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One Day Makes a Difference

January 20, 2010

I’m very pleased today to have Debbie Payne return to Changing Winds as a guest. Debbie’s last guest post was in November 2009, entitled Ten Engaging Conversations: Asking Provocative Questions to Provoke New Ideas. Her insightful perspectives on leadership and personal growth are especially relevant to the uncertainty we’re all facing.

January 1st is just another day, one day past December 31. Or is it? There is a marking of an ending and a new beginning as we shift to a new calendar year.

Does our thinking shift when we erase 2009 and 09 from our habits and awkwardly pen 2010–perhaps writing 200 and then squeezing in the 1? A minor irritation and then over the year we develop the new habit.

Leaders are often irritated in January. Thinking has shifted, new ideas are proposed, and new targets are made for the year. It’s not the same as it was last year, just days ago. We have marked a line in the sand and stepped over it, never to go back. Some are stuck in 2009 thinking trying to finish up old projects. Others are in transition trying to bridge between the two. Others have taken the leap and are moving fast into 2010 already discussing 1st quarter results.

As leadership thinking evolves, so does leadership behaviour. The social media craze is almost mainstream now; connecting broadly is the norm. Now we are looking for ways to connect deeply as well. What can we learn from all these mass connections? Which relationships should we really cultivate? Who are the people we want to be with in 2010? What kind of balance will best help us grow as leaders?

I think of my own work and the time it takes to cultivate relationships. I consider this the most important and most inspiring aspect of who I am as a consultant. When I have a contract I produce work and focus on the relationships in the work. When I do not have a contract I’m cultivating new relationships and developing existing ones in the search for work. I look for people who are shining in the world, people who want to shine even more. You know the ones with the energy sparkle who connect quickly on an intriguing topic. You can feel this energy even virtually as it comes purely from curiosity. If you are authentically curious as a leader about people your energy sparkle emerges.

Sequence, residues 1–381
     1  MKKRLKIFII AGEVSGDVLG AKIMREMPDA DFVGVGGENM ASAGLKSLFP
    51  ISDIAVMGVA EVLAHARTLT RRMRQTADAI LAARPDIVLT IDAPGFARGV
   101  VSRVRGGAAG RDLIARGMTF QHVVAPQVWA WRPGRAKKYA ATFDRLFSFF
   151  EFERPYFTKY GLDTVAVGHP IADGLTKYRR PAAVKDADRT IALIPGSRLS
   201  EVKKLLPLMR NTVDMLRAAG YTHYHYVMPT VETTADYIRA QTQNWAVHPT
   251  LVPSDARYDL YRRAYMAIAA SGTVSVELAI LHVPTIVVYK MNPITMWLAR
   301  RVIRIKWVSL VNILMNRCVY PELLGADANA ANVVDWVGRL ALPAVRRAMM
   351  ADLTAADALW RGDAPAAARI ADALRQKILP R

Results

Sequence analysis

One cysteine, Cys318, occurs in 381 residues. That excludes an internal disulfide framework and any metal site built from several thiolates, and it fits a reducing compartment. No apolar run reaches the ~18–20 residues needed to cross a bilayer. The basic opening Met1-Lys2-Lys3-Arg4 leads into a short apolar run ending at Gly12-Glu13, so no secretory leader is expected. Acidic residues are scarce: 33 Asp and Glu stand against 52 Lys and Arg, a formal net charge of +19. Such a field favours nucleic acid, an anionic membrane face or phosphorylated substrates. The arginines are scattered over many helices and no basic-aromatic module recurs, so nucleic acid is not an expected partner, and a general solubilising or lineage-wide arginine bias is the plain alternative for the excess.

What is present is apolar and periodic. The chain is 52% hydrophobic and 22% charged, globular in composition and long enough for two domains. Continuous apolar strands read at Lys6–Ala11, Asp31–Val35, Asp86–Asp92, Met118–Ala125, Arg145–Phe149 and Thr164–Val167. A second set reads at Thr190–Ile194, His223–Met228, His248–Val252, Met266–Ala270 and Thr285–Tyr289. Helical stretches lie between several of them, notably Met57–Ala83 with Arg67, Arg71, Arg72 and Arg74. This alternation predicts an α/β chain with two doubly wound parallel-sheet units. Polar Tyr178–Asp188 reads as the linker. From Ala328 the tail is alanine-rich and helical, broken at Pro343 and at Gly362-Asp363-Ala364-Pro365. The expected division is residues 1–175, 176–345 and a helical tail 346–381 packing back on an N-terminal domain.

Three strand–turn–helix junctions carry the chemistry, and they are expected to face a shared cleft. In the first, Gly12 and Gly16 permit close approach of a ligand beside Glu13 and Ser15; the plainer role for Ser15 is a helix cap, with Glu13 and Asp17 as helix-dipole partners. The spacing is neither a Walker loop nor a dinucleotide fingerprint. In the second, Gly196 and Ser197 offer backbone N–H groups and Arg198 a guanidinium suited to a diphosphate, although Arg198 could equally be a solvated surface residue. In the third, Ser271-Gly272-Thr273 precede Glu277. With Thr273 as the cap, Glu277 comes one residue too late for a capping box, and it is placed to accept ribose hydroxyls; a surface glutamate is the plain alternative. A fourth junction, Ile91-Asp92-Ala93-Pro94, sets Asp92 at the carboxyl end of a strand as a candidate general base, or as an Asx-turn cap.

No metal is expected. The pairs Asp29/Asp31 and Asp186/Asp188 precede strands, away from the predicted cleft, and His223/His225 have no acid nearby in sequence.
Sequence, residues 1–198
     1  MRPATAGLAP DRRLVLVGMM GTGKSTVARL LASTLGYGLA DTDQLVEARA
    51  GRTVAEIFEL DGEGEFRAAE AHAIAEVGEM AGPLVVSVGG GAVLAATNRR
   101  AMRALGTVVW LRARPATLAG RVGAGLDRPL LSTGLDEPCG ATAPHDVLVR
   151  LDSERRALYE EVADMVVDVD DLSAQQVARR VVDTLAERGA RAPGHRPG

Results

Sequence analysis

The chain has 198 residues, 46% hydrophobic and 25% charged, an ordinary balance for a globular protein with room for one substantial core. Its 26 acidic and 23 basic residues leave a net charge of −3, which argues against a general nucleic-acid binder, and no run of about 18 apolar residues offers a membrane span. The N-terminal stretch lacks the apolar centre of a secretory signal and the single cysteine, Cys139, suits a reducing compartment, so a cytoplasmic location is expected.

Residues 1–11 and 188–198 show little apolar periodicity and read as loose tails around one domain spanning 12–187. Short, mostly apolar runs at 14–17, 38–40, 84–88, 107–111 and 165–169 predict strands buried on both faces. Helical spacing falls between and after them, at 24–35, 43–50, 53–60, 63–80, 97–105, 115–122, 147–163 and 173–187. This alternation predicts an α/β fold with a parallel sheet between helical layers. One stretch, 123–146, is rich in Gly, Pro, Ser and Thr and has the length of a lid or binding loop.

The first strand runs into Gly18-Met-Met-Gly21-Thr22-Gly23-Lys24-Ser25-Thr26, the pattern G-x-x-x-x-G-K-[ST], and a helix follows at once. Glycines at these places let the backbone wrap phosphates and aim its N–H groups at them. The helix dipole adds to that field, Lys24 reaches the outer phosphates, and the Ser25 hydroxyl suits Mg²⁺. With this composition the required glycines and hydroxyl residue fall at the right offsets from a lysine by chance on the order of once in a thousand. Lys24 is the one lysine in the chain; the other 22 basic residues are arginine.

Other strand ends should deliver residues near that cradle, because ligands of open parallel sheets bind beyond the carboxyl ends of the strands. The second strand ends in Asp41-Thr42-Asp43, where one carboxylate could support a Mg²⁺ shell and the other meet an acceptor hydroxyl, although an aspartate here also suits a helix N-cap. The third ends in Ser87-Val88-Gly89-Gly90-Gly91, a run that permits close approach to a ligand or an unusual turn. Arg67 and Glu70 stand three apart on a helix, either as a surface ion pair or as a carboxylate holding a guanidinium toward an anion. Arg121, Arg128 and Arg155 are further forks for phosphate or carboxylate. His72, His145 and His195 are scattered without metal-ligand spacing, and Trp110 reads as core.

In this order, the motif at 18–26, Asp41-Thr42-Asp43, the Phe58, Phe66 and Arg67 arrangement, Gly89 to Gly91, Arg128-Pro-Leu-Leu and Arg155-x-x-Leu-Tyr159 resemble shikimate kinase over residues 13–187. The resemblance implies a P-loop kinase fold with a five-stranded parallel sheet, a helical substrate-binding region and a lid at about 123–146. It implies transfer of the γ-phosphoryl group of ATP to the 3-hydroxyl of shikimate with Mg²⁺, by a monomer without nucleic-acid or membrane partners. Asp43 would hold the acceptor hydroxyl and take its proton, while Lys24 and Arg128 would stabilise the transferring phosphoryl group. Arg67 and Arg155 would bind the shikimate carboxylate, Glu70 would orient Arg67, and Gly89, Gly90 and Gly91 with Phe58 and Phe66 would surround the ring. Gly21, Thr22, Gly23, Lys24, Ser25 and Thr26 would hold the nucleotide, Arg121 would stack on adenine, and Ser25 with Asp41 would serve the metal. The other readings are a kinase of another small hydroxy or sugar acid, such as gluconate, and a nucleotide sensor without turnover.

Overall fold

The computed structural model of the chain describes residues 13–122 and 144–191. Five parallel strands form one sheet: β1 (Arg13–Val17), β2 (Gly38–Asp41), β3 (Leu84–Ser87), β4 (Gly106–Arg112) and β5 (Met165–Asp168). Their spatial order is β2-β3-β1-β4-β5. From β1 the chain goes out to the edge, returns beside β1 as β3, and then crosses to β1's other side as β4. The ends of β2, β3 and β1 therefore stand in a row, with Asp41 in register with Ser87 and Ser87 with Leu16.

A question for you:

What questions can you ask of others that stimulate your own energy sparkle, igniting theirs as well?

Try embracing 2010 and know you will soon be no longer irritated by the loss of the 9 and the introduction of the 1 squeezed in the middle.

About Debbie Payne, MA:
Debbie is the Senior Principal Associate and President of DP Leadership Associates, and founder and partner of Deberna International. She’s the author of over 25 curriculum publications and two books. Her latest book Tri-namics Power of One, Two, Three: Provocative Questions for Leadership Wisdom (2009)” is co-authored with Erna Hagge, founder of Coaching Services at the University of BC.

Debbie is a leadership consultant, facilitator and educator with over 25 years experience in adult education and consulting. She has certificates in management from the University of Western Ontario and in Organizational Behaviour from Heriot-Watt University in Scotland, and an MA in Leadership from Royal Roads University. You can reach her at 604.209.5069 or by email debbie@dpleadership.com.

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3 Comments leave one →
  1. January 21, 2010 7:00 am

    Susan, Thanks for your perspective on this. The listening is most important with out a doubt. We also can learn to ask more provocative questions, ones that make us stop and think, ones that grab us in the heart, or engage us in dialogue. In the asking we are able to energize the conversation in new ways. Have a great day!

  2. January 20, 2010 9:15 pm

    Wise words, Susan. Thanks for contributing.

  3. January 20, 2010 3:30 pm

    “What questions can you ask of others that stimulate your own energy sparkle, igniting theirs as well?”

    I believe it’s not so much the specific questions that you ask but rather your willingness to listen to others. A good leader should have a genuine interest in the people she is leading. Asking questions and truly listening to the responses demonstrates that interest. Furthermore, those responses provide the leader with a better understanding of what’s important to the people she is leading.

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